Webb Telescope Spectrograph Suffers Software Glitch

An artist's conception of the Webb telescope in space.
An artist's conception of the Webb telescope in space.

An artist’s conception of the Webb telescope in space.

NASA says the Webb Space Telescope’s Near Infrared Imager and Slitless Spectrograph is currently unavailable for science operations following a software glitch earlier this month.

In a release published yesterday, the agency stated that the issue started on January 15, when a communications delay within the instrument caused its flight software to time out. Flight software is a crucial aspect of any instrument operating in space, as it manages a whole suite of operations on a given spacecraft, including its orientation, communications, data collection, and thermal control.

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NIRISS’ flight software timing out doesn’t mean that Webb is about to spin out of position or anything else disastrous. In fact, the NASA release stated “there is no indication of any danger to the hardware, and the observatory and other instruments are all in good health.” Affected scientific observations would be rescheduled, NASA said.

Webb completed its million-mile journey to L2, the area of space from which the observatory images the cosmos, a year ago this week. It’s imaged some remarkably sharp and informative views of the universe in its six months of scientific operations so far.

But it hasn’t been completely smooth sailing for the $10 billion space observatory. While its scientific instruments were commissioned without issue, in May one of Webb’s mirrors was struck by a micrometeoroid—a very small rock sailing through space—causing damage, though the team said the telescope’s optical performance was still twice as good as required.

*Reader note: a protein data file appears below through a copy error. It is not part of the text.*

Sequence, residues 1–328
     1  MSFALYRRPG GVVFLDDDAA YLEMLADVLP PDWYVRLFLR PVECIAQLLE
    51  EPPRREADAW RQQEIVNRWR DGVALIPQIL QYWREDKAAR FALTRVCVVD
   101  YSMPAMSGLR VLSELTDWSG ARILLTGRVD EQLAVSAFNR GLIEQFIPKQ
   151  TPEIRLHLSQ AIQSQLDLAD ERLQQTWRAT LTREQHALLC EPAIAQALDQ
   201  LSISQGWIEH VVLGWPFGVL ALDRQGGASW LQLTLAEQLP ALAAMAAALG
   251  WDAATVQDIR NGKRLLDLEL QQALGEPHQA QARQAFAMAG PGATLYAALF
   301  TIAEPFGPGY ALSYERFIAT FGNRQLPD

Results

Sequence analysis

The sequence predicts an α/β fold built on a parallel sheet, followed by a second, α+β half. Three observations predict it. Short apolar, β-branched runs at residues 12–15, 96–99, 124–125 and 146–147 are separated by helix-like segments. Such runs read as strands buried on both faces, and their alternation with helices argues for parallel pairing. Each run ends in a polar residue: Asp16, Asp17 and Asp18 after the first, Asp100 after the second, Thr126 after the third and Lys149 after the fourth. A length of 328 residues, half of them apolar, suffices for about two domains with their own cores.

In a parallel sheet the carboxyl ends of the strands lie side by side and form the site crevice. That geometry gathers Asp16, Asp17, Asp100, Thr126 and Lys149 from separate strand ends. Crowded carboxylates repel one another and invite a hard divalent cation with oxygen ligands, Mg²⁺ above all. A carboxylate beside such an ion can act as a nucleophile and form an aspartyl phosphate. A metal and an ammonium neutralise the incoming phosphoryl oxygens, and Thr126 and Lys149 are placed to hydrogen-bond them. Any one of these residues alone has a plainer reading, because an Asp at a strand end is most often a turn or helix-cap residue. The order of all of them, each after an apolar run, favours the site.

There have also been some software hiccups. In August, the telescope’s Mid-Infrared Instrument (or MIRI) had a software glitch that paused its operations through November. And in December, there was an issue with the telescope’s attitude control, which manages where the telescope is pointing. The glitch put the telescope into safe mode multiple times last month.

None of these issues amount to disaster. Keep in mind that the Hubble Space Telescope (Webb’s predecessor) continues to operate after more than 30 years in space and has gotten multiple software updates and repairs, including by human hands. Humans will not be traveling a million miles through space to address Webb’s issues, so NASA must deal with the software issues from the ground.

Space agencies may design future space observatories to be upgraded with robotic servicing, but for now, Webb’s maintenance will have to be done remotely.

Webb has done some tremendous work so far and will continue to illuminate the most ancient and murky regions of the cosmos. You can check out some of what’s on the docket, along with other astronomy plans for the year, here.

More: Zoom in on Webb Telescope’s Biggest Image Yet

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